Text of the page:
Drug Law Reform in ThailandThailand's Justice Minister Paiboon Koomchaya speaking at the UN on the importance of a Mekong & ASEAN drug policy that puts people and health first https://t.co/XtIMYzyOGK pic.twitter.com/hPx4t6FAgm— UNODC SEAsia-Pacific (@UNODC_SEAP) November 30, 2016
On Nov 24th 2016 the NLA approved 'edits' to the 2522 (1979) Narcotics Act by 160 votes to 0. These reforms were promulgated in the Royal Gazette on Jan 15th 2017.
Appearing subtle at first, the edits reformed the mandatory death penalty for drugs - and a far-reaching change in the wording of the code means that drug users will no longer be automatically prosecuted as drug dealers.
Death Penalty in Thailand
Narcotics Act Reforms announced in January 2017 mean Thailand's ultra-hardline stance of capital punishment for drug dealers may be about to change.
Judges are now being given room to assess individual cases - just as the courts have individually assessed every prisoner's case for amnesty in the last two Royal Pardons (granted graciously to prisoners in Aug 2016 & Dec 2016).
Instead of rigidly sticking to the harsh letter of the law, regardless of the individual's circumstances - as female drug mules, for example - the reforms now give the courts wider sentencing guidelines to work within.
Importantly, the death penalty is no longer mandatory for traffickers or producers of Class 1 narcotic for the purpose of disposal. The judge can now assess every case on its own merits - and can give a life sentence or the death penalty.
|Thailand reforms the death penalty for drugs|
is not ready to abolish the death penalty for drug offences' IDPC
This change in policy echoes the surprising comments by an Head Judge in Indonesia - in light the country's recent Bali 9 executions - when sentencing 3 drug dealers to life, instead of death, in Dec 2016:
'The death penalty is a violation of human rightsand there is no evidence that it has any deterrent effect.'
.@jdouglasSEA: UNODC ready 2 assist #Mekong, #ASEAN move towards #health & community centered, balanced #drugpolicy https://t.co/XtIMYzQpyi pic.twitter.com/ZeMJqQoJvZ— UNODC SEAsia-Pacific (@UNODC_SEAP) November 30, 2016
*Heroin and Meth from Myanmar seized in Inner Mongolia
*400kg Ketamine seized in China
*'Poison Factory' chemical seizures on Vietnam border, bound for Myanmar
Flash in the pan? Or are we witnessing a real time change in drug policy enforcement - away from the streets to the transnational organised crime behind the scenes?
Judge Weerapon Thongsuwan, President of Supreme Court, discussing The Court’s Role in Reducing the Number of Low-Level Drug Offenders pic.twitter.com/KPj9f3wuSy— NoBox Transitions (@NoBoxT) January 5, 201
Quantity thresholds have been revoked in the recent Narcotics Act Reforms, and people in possession of Class 1 are now deemed as 'presumed' not 'regarded' to have intent to sell. These are potentially far reaching edits to the Narcotics Act, in practice and time.
Possession of more than 0.375g of meth (an amount which would get a caution in the West, and has seen many farang locked up in Thailand for the minimum sentence of 2 years on a guilty plea) can now be sentenced from 1yrs to 10 yrs - instead of 4 yrs to life.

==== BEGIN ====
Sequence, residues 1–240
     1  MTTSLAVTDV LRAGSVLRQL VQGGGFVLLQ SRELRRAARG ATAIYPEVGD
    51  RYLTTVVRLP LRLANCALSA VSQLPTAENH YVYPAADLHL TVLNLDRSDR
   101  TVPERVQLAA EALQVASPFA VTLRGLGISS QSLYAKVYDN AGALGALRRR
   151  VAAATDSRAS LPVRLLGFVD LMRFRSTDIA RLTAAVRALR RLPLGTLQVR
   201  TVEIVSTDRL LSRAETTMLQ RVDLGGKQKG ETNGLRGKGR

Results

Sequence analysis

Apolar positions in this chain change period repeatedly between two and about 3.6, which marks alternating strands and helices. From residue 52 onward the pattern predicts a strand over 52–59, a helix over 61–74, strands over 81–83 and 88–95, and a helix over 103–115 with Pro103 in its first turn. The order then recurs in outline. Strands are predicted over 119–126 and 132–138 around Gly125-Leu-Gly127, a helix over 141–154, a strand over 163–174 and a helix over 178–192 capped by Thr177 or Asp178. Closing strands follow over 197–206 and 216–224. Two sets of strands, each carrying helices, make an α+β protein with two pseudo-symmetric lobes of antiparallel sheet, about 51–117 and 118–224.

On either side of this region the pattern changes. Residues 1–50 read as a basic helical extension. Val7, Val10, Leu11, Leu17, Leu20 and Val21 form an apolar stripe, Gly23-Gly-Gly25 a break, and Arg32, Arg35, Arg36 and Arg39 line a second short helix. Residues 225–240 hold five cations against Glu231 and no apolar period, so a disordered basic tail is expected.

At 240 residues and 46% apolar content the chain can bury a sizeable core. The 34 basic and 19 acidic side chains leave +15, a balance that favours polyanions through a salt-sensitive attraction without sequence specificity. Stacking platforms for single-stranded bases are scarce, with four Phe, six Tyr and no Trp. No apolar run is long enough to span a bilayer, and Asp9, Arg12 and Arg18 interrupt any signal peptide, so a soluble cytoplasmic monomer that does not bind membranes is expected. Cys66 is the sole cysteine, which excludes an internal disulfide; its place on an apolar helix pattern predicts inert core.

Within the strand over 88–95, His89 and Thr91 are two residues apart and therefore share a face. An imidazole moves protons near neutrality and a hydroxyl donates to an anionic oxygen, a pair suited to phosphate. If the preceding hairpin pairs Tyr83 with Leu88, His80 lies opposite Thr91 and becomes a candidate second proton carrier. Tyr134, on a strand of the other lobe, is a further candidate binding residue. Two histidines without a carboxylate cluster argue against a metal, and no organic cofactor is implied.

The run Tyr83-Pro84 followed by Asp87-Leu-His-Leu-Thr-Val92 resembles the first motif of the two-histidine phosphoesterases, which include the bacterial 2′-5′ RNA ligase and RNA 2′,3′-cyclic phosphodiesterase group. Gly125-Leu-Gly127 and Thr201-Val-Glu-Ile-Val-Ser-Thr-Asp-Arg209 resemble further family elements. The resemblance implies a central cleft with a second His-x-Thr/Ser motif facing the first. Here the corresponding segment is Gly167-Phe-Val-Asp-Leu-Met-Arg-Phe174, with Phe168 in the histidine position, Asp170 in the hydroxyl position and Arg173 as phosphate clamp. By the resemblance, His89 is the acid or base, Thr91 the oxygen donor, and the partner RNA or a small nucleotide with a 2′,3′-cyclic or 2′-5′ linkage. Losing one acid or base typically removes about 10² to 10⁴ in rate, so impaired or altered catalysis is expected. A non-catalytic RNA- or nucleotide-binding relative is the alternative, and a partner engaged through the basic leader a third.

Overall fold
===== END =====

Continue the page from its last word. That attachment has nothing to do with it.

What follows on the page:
Pleading guilty in Thailand reduces the sentence by 50%, so drug users could potentially be 'flushed out of the system' within 6 months. Sounds good in principle?
Tonite, where are U sleeping? Dozens of Thai prisoners are sleeping in this tight floor space w/blanket & pillow b/c they had a few MA pills pic.twitter.com/WTShegDlsj— Carl Hart (@drcarlhart) January 11, 2017
At a Kamlangjai drug policy conference - co-sponsored by drug policy think tank IDPC - in Bangkok in January 2017, leading Thai academic Prof. Sungsidh Piriyarangsan gave a lecture on Controlling Methamphetamine:
'There is no use in putting people who use drugs in prisons. People who use drugs are not objects. They are human beings. We have invested a lot in drug suppression but this has resulted in heavy social and productivity costs.
To address the drug problem, we need courage, but the right kind of courage - moral courage. Do the people who can make change have the heart, strength, & courage to put down their own bias and do the right thing?'
Time for Change
Asia Nikkei's Agent of Change 2017, Princess Pa, has been briefing the UN about worldwide prison issues for a decade. The King's daughter gave the world the Bangkok Rules for minimum treatment and conditions for women in jail. HRH's Kamlangjai - 'Moral Support' or Inspire Project - recently produced this drug law reform video:
'Everything we know about addiction is wrong' - How Nixon's 40yr war on drugs has been a failure, and the need for a scientific & healthcare approach for drug users, not incarceration. Thai/English w subtitles, explains drug reform and addiction.
'In Thailand, royally backed initiatives are highly influential among elite lawmakers and treated as sacrosanct,' reports PRI's Global Post, saying this Princess-led campaign has helped to trigger a 'furious rethink' of drug crime policy.
There were over 200,000 drug cases in prison in Thailand in July 2016.
Since then, there have been two Royal Amnesties and an implicitly far-reaching reform of the drug laws - all within the last six months. With signals that there is more prison and policy reform to come, Thailand could be entering interesting times.
At a time when Mad Dog Duterte is making headlines for his overkill War on Drugs in the Philippines, the rest of the world, ASEAN included, may finally be admitting that Nixon got it all wrong - and now is the time for drug policy reform.
Time for change in 2017?
* Thanks to iLaw for the Thai explanations of the drug law reforms, and to Gloria Lai at IDPC for the English translation!